In recent years environmental life-cycle assessments (LCA) have been increasingly used to support planning and development of sustainable infrastructure. This study demonstrates the application of LCA to estimate embedded energy use and greenhouse gas (GHG) emissions related to materials manufacturing and construction processes for low and high density single-family neighborhoods typically found in the Southwest. The LCA analysis presented in this study includes the assessment of more than 8,500 single family detached units, and 130 miles of related roadway infrastructure. The study estimates embedded and GHG emissions as a function of building size (1,500 - 3000 square feet), number of stories (1 or 2), and exterior wall material composition (stucco, brick, block, wood), roof material composition (clay tile, cement tile, asphalt shingles, built up), and as a function of roadway typology per mile (asphalt local residential roads, collectors, arterials). While a hybrid economic input-out life-cycle assessment is applied to estimate the energy and GHG emissions impacts of the residential units, the PaLATE tool is applied to determine the environmental effects of pavements and roads. The results indicate that low density single family neighborhoods are 2 - 2.5 X more energy and GHG intensive, per residential dwelling (unit) built, than high density residential neighborhoods. This relationship holds regardless of whether the functional unit is per acre or per capita. The results also indicate that a typical low density neighborhood (less than 2 dwellings per acre) requires 78 percent more energy and resource in roadway infrastructure per residential unit than a traditional small lot high density (more than 6 dwelling per acre). Also, this study shows that new master planned communities tend to be more energy intensive than traditional non master planned residential developments.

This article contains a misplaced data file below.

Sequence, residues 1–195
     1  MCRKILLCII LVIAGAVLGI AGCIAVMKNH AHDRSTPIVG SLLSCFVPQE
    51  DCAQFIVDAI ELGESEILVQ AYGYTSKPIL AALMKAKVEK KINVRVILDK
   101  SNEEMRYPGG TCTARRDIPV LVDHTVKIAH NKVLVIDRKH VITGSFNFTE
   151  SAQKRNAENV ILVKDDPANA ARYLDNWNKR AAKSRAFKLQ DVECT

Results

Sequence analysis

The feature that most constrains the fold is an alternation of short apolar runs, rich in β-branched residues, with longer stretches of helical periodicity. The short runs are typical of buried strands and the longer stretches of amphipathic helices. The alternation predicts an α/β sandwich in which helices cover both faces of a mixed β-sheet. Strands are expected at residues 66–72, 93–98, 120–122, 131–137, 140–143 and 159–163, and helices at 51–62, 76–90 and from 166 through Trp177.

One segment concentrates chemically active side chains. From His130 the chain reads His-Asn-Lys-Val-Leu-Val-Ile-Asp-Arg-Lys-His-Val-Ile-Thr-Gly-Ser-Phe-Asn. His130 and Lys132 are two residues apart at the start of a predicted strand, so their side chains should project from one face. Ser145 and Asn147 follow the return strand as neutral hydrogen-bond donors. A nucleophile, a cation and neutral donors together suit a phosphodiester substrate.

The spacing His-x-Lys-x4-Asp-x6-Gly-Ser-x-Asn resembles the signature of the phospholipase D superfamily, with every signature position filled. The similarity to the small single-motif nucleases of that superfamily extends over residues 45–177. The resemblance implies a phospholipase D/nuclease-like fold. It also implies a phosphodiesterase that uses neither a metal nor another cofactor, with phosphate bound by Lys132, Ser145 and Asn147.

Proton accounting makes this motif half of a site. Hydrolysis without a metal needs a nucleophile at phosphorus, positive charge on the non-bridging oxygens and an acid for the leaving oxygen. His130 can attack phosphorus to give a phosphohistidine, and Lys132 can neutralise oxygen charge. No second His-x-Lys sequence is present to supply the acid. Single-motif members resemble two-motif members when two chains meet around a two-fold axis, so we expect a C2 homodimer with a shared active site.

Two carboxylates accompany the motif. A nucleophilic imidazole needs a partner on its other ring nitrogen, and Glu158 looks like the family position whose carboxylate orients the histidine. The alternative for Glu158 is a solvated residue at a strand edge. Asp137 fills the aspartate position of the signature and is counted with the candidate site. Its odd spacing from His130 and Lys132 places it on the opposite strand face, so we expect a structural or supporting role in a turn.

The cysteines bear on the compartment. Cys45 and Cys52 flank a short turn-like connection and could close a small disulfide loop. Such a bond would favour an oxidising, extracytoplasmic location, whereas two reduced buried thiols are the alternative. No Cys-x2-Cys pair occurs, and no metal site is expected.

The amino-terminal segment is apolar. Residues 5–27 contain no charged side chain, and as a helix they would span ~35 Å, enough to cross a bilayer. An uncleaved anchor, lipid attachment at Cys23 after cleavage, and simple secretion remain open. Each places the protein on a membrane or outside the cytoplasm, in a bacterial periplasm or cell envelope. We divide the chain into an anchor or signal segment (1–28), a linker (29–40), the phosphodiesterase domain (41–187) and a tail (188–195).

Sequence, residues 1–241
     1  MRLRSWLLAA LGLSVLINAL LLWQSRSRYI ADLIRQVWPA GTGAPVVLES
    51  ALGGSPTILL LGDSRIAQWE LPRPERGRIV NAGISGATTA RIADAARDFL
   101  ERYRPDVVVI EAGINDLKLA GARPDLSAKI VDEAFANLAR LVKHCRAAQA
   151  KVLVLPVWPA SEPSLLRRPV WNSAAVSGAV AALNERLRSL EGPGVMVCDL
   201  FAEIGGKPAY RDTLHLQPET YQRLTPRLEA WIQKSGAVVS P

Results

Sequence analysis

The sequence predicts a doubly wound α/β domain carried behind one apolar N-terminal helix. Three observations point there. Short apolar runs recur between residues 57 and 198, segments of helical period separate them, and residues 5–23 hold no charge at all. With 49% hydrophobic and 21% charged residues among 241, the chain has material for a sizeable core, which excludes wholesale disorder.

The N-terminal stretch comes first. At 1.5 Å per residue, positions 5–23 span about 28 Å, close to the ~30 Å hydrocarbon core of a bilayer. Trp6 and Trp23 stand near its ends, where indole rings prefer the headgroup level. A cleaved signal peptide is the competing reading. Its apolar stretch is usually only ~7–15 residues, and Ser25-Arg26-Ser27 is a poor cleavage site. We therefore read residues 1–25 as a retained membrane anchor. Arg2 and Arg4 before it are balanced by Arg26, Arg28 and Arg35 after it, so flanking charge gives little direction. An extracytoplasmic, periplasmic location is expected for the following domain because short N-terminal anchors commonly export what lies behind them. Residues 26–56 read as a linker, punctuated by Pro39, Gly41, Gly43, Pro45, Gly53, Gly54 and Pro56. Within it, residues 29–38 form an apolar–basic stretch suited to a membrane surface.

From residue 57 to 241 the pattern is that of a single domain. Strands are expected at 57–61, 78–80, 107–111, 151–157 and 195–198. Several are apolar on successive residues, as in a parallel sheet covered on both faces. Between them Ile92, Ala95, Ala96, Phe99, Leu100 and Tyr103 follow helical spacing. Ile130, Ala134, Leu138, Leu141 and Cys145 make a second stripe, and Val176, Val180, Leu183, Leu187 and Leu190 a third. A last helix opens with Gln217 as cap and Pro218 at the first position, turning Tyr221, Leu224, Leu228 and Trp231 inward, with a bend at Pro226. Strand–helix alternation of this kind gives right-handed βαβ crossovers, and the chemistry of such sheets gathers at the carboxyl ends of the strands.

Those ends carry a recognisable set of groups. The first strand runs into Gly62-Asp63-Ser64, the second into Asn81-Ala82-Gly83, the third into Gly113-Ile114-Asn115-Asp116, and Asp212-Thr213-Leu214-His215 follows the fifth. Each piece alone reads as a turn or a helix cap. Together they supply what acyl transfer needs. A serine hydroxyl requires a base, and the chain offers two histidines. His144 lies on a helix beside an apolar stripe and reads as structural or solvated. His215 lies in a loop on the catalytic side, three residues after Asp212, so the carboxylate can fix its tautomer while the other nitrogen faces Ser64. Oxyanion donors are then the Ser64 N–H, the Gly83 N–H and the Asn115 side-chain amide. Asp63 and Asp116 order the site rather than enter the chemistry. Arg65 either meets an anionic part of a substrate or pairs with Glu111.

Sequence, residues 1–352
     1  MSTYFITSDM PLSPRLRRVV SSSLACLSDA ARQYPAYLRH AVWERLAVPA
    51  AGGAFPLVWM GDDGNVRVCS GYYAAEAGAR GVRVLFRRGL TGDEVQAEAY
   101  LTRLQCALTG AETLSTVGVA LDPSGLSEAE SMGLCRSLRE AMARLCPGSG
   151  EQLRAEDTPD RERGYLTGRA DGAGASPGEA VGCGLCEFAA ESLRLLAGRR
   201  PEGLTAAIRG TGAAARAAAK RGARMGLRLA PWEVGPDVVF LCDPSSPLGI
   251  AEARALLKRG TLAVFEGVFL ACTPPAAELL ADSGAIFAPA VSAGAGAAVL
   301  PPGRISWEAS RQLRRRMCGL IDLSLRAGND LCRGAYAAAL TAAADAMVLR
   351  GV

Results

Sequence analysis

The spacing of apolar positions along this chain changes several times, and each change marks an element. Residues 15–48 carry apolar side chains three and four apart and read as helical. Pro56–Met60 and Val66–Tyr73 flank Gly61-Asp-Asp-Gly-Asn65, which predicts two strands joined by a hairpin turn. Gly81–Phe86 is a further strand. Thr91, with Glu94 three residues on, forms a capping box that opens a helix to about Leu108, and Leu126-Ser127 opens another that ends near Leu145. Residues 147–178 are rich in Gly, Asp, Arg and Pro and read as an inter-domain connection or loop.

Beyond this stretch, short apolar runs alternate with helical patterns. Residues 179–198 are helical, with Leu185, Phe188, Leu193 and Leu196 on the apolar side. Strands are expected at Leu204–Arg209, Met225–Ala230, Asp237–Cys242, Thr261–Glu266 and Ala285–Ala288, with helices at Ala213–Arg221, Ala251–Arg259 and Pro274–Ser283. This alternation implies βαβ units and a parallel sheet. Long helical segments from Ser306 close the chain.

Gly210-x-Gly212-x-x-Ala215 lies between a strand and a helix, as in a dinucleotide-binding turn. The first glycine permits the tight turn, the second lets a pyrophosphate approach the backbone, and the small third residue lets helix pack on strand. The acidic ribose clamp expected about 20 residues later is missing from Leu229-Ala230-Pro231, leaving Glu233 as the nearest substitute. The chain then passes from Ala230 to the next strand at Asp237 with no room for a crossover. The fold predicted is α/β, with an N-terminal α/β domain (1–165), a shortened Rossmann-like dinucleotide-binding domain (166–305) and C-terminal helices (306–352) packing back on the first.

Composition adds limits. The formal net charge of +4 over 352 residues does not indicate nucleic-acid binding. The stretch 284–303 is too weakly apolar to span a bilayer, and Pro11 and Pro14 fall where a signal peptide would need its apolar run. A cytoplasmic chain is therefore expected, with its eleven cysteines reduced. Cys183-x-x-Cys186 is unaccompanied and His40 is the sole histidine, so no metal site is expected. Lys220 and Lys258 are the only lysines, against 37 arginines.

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Created

Date Created
  • 2011

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Sustainability implications of mass rapid transit on the built environment and human travel behavior in suburban neighborhoods: the Beijing case

Description

The sustainability impacts of the extension of the Mass Rapid Transit (MRT) system in suburban Beijing are explored. The research focuses on the neighborhood level, assessing sustainability impacts in terms